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Thread: Mead Calculation question: Delta SG--->ABV

  1. Default Mead Calculation question: Delta SG--->ABV

    Maybe this is the wrong spot to post this..General Questions might have been a better choice, but I see it as related to the Mead Calculator, so I put it here. Feel free to move it, and my apologies for creating the extra work.

    For all practical purposes, the current approximations are fine, but I am a little perplexed as to why searching the web on various Winemaking sites give different values for the constant to convert OG-FG to % ABV.

    It seems the Mead Calculator here uses a multiplier of 135-136, which is in accord with one value of division by 7.36 (a multiplier of 135.87)

    MOST other sites give multipliers of 131, while others are around 126,

    and this calculator from http://powersbrewery.home.comcast.net/tables.html

    seems to use a value of 106!

    Inquiring minds want to know why there is such diversity in the reporting of what should be a fairly well understood physical constant.



  2. #2
    Join Date
    Aug 2005
    Milwaukee, WI

    Default Re: Mead Calculation question: Delta SG--->ABV

    Best description I found once from an English forum:

    (OG - PG) x f = a% ABV

    where OG is the original gravity of the beer;
    PG is the present gravity of the beer;
    a is the beer's alcoholic strength; and
    f is the factor connecting the change in gravity to alcoholic strength.

    The value of "f" is not constant because the yield of alcohol is not constant for all fermentations. In lower strength beers, more of the 'sugars' available for fermentation are consumed in yeast reproduction than in producing alcohol.

    5 The table below produced by the Laboratory of the Government Chemist shows the changing value "f" depending on the alcoholic strength of the beer.

    (OG - PG) % ABV Factor
    Up to 6.9 Up to 0.8 0.125
    7.0 - 10.4 0.8 - 1.3 0.126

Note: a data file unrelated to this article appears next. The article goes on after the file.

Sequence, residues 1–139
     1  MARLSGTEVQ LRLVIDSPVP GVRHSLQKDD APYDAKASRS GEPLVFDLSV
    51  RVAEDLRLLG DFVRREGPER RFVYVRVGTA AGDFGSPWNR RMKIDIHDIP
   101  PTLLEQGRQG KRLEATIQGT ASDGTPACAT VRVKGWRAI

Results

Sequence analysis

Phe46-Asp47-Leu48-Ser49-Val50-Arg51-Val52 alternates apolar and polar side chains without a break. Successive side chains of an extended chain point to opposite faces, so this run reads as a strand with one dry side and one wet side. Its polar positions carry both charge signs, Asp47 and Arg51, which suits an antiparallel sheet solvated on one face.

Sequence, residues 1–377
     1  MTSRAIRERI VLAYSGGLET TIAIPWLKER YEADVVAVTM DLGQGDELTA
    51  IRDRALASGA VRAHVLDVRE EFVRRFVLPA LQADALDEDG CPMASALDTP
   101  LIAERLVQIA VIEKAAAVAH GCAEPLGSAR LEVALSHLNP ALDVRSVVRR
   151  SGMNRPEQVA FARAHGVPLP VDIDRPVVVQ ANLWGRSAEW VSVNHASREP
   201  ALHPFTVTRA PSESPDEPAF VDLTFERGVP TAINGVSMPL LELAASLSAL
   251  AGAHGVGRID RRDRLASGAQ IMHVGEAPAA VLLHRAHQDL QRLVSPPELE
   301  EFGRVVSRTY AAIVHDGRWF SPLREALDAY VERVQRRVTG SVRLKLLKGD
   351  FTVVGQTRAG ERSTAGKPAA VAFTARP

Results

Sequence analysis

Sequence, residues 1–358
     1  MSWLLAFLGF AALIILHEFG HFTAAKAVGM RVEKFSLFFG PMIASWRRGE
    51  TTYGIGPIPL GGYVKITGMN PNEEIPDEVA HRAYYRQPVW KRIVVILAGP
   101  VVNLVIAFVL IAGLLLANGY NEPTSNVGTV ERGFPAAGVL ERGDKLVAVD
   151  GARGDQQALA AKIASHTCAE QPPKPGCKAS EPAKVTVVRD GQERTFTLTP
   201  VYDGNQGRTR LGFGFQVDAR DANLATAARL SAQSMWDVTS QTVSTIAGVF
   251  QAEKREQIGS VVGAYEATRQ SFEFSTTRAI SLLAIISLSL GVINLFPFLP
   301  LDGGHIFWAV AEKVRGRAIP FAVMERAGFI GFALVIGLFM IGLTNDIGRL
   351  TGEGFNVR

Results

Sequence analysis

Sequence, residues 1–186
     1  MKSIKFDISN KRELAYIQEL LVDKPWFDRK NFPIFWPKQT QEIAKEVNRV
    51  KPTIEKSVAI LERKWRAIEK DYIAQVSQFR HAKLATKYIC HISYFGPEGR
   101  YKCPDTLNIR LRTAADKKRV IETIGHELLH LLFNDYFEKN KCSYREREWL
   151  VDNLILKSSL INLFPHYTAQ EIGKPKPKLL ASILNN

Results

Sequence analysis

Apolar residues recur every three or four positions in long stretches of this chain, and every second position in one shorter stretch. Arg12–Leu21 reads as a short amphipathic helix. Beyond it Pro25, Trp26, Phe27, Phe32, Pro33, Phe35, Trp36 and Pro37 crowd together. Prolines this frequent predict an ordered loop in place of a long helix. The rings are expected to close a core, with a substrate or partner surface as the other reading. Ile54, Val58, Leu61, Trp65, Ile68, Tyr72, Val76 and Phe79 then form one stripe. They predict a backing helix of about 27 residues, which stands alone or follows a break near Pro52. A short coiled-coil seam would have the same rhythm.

10.5 - 17.2 1.3 - 2.1 0.127
    17.3 - 26.1 2.2 - 3.3 0.128
    26.2 - 36.0 3.3 - 4.6 0.129
    36.1 - 46.5 4.6 - 6.0 0.130
    46.6 - 57.1 6.0 - 7.5 0.131
    57.2 - 67.9 7.5 - 9.0 0.132
    68.0 - 78.8 9.0 - 10.5 0.133
    78.9 - 89.7 10.5- 12.0 0.134
    89.8 - 100.7 12.0- 13.6 0.135

    The table indicates that for the majority of popular UK beers, the factor for calculating the estimated strength would lie in the range 0.128 and 0.129. For strong beers (exceeding 6% ABV), the factor would be in the range of 0.131 - 0.133. Whilst it is important that the correct value for "f" is used, you should be aware that this table is primarily for your guidance. Some brewing methods and materials can affect the factor.
    So, the value used for the calculation is dependant on alcohol content. Each calculator available may therefore use a slightly different value depending on who chose the constant and whether they selected it based on beer making or wine making experience.

    Chan fhíach cuírm gun a còmhradh

    A feast is no use without good talk.

  3. Default Re: Mead Calculation question: Delta SG--->ABV

    Thanks!! This is just the kind of analysis I was looking for.

    Most places treat 'f' as a true constant, and I wondered if it was or not!

    I still wonder why the Beer Calculator has such a low value, which is STILL Low with the expected %ABV of a beer from your table...but I don't really care :-)

    Thanks again for the great reference!


  4. Default Re: Mead Calculation question: Delta SG--->ABV

    Good info.

    If beer, mead and wines was only alcy and water, then maybe the gap bewteen the factors might be affected by the types of alcys. I bet one could look up the common alcy's that are produced during fermentation and I wouldn't doubt that the SG of each (in a purer form) would be different. If that is so, the blend of those alcys would affect the overall SG of the mix. And I wouldn't be surprised if that blend can also change at different stages during the feremnetation

    And it might have something to do with the extra stuff (minerals and the like) in there as well. With that in mind, perhaps a mead would have a different factor than an equal origanl/finish gravity wine. Similarly for beer.

    I'm just speculating at this point but wouldn't be surprised if something like the above was the reason.

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